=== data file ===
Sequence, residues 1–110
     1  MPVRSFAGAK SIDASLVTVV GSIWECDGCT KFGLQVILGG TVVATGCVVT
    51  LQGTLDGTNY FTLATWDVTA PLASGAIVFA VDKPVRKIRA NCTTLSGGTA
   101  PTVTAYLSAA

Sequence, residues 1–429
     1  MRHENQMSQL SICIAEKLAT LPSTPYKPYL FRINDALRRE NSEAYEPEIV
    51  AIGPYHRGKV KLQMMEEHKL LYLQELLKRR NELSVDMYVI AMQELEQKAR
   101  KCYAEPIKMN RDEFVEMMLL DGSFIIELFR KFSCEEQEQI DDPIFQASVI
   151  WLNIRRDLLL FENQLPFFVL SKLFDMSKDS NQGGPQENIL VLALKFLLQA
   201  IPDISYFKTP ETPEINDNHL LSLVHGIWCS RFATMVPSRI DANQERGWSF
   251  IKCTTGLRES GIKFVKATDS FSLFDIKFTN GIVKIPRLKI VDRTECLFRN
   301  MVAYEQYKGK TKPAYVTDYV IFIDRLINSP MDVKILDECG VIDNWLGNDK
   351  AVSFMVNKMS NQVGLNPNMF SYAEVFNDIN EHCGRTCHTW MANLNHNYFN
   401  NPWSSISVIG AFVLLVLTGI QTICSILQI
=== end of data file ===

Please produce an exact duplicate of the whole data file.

Sequence, residues 1–110
     1  MPVRSFAGAK SIDASLVTVV GSIWECDGCT KFGLQVILGG TVVATGCVVT
    51  LQGTLDGTNY FTLATWDVTA PLASGAIVFA VDKPVRKIRA NCTTLSGGTA
   101  PTVTAYLSAA

Sequence, residues 1–429
     1  MRHENQMSQL SICIAEKLAT LPSTPYKPYL FRINDALRRE NSEAYEPEIV
    51  AIGPYHRGKV KLQMMEEHKL LYLQELLKRR NELSVDMYVI AMQELEQKAR
   101  KCYAEPIKMN RDEFVEMMLL DGSFIIELFR KFSCEEQEQI DDPIFQASVI
   151  WLNIRRDLLL FENQLPFFVL SKLFDMSKDS NQGGPQENIL VLALKFLLQA
   201  IPDISYFKTP ETPEINDNHL LSLVHGIWCS RFATMVPSRI DANQERGWSF
   251  IKCTTGLRES GIKFVKATDS FSLFDIKFTN GIVKIPRLKI VDRTECLFRN
   301  MVAYEQYKGK TKPAYVTDYV IFIDRLINSP MDVKILDECG VIDNWLGNDK
   351  AVSFMVNKMS NQVGLNPNMF SYAEVFNDIN EHCGRTCHTW MANLNHNYFN
   401  NPWSSISVIG AFVLLVLTGI QTICSILQI